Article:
Feathered Facts: Waxwings
Unmistakable in their coloring, cedar waxwings have silky brown feathers above and olive-yellow below, with a black mask, yellow tail tips and crest, and red, waxy-looking wing tips. Bohemian waxwings have grayer bellies, white wing patches, and rust color on the tail.
- According to Tom Carpenter, author of NHGC's The Gardener's Bird Book, cedar waxwings were almost exterminated in the late 1800s because their cured, feathered skins were popular ornaments on Victorian ladies' hatbands.
- Waxwings like to travel in flocks of a dozen to a hundred. They will line up on limbs or power lines and pass fruit down the ranks till one eats it.
- Waxwings nest later than most songbirds. This is probably connected to the availability of ripening fruits.
- Although they eat insects, waxwings love fruits and berries, especially red ones. Cherry trees, currants, chokecherries, and other fruiting plants may bring a flock of waxwings to your yard. Raisins, currants, or chopped apples or figs may attract them to feeders. But be aware of gustatory overload: Waxwings are known to gobble so much fruit that they can't fly!
Thursday, December 16, 2010 11:15 AM
Did not know they can overeat. They also love the berries of Mahonias and sometimes they come to shallow pond to bathe. I just love them.
Saturday, December 18, 2010 1:33 PM
Around our area, Anchorage, AK, there are a lot of Mountain Ash trees. Now that the fruit has been frozen we seem to get a lot of Waxwings. They will make periodic visits to the tree until it is stripped.
Thursday, July 14, 2011 7:07 AM
I've been trying to attract waxwings to my feeders in St. Louis, MO since April. I checked my bird books and they say the waxwings come to my region, but I haven't seen any. I would love to draw these gorgeous birds to my backyard feeders. Any tips?
Saturday, July 23, 2011 1:35 PM
My husband & I rescued to babies last weekend. What a treat. The mother came and feed them and preened them until they could fly well enough to take off with their clan.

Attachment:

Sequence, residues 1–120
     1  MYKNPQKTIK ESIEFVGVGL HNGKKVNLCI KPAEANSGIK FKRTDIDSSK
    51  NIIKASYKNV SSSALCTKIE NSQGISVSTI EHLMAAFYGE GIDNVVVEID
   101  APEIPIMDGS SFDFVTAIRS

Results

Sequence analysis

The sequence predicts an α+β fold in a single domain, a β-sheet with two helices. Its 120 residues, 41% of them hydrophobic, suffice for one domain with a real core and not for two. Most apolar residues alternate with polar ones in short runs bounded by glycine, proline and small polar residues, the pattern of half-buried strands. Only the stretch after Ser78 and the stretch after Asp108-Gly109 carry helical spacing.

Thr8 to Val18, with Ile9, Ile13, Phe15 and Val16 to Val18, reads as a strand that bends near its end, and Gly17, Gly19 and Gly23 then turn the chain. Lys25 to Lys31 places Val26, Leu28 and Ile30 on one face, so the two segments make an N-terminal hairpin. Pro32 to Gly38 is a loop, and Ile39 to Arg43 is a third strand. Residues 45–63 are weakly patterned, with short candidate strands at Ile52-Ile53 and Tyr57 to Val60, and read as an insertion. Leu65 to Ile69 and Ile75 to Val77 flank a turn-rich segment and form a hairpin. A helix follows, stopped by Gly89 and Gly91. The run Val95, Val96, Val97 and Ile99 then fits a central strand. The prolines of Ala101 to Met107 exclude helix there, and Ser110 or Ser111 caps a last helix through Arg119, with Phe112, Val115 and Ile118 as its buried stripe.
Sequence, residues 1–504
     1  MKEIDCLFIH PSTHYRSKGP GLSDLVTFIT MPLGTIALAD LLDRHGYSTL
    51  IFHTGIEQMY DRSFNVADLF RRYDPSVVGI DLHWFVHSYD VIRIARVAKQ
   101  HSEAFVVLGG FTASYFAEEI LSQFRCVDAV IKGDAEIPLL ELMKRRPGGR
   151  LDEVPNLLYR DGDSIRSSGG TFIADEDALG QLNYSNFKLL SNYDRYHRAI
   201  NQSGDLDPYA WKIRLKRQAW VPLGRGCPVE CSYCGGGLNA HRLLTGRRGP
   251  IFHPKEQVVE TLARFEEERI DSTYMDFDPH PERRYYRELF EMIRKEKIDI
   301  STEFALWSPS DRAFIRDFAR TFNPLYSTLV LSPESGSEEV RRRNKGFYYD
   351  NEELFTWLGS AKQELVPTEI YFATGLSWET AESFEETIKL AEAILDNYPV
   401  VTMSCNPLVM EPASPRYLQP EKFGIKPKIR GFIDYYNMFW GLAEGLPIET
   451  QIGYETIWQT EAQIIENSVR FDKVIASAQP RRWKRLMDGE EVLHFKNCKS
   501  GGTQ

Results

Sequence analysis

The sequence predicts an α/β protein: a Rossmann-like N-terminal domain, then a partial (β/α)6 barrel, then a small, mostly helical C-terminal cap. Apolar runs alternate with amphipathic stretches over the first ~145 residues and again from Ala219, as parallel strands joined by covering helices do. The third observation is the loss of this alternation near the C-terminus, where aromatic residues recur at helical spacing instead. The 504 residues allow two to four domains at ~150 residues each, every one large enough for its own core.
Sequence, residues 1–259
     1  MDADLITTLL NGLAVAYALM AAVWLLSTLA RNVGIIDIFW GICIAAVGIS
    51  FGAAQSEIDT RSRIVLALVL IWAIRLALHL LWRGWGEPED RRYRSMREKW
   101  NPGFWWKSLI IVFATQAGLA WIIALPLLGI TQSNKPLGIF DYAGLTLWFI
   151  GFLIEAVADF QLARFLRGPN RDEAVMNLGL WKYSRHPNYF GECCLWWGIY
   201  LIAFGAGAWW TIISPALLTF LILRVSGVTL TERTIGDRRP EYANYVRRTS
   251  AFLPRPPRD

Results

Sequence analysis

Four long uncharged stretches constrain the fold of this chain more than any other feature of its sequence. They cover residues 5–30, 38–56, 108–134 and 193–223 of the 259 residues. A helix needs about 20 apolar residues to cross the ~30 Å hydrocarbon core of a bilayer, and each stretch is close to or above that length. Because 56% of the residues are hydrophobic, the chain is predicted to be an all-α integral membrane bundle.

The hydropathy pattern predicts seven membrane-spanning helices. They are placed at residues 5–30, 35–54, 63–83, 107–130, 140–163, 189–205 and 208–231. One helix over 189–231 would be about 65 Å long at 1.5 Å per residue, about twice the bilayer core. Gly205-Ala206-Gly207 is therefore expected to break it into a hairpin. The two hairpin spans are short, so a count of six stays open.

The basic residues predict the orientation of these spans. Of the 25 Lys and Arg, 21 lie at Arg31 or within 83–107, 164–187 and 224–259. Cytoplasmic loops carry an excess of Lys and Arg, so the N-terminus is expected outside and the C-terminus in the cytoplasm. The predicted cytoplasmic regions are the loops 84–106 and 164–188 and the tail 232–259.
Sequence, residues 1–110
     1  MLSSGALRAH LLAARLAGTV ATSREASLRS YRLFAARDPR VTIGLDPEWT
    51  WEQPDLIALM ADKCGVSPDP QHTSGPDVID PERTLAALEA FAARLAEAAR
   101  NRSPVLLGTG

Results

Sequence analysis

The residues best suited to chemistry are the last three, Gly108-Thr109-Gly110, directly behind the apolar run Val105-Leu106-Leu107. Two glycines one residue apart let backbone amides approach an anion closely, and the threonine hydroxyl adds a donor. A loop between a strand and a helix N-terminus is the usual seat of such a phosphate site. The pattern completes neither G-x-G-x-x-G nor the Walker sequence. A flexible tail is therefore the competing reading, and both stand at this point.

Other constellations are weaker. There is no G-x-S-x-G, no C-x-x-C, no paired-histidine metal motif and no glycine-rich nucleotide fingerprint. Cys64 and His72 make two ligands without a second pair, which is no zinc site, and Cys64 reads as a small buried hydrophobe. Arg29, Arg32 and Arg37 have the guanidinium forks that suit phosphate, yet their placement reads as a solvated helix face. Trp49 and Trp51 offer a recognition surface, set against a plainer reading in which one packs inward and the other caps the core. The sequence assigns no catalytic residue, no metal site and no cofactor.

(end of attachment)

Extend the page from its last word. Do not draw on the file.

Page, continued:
Both babies and mother were grateful. The babies would actually fly to sit on our shoulders. They liked to be around us. I would guess due to their social behavior traits.
Monday, July 25, 2011 8:37 PM
I had over 2 dozen Ceder Waxwings land in a tree across from my house as they were going back north . The morning sun hit them made them stand out and they looked so beautiful because the trees did not have any leaves on them. They stayed around for quite some time and i got realy good pictures.
Tuesday, July 26, 2011 10:58 AM
We get them alot in my yard. They love our California Pepper tree. and literally hang upside down eating the pink berries! They all fly in together and make pigs of themselves, then all fly off together again. what a treat!
Tuesday, August 09, 2011 11:32 AM
I read where the waxwings would gorge themselves till they couldn't fly. I had never heard of that. I'm surprised they didn't do that in my Japanese persimmon tree. They come each fall and eat the bloom ends of the fruit that has fallen off. The waxwing, I think is the most noble looking bird I've ever seen. I really love them.
Wednesday, August 10, 2011 3:35 PM
Friday, November 16, 2012 10:19 PM
We have had Waxwings come to our Honeysuckle bushes, their berries are red also.
Tuesday, March 12, 2013 8:45 AM
We have large flocks eating in our cedar trees. They also like holly berries. I had heard that they will eat fermented fruit, get intoxicated and be unable to fly. They are beautiful to see. The really large flocks seem to come about every other year to our property.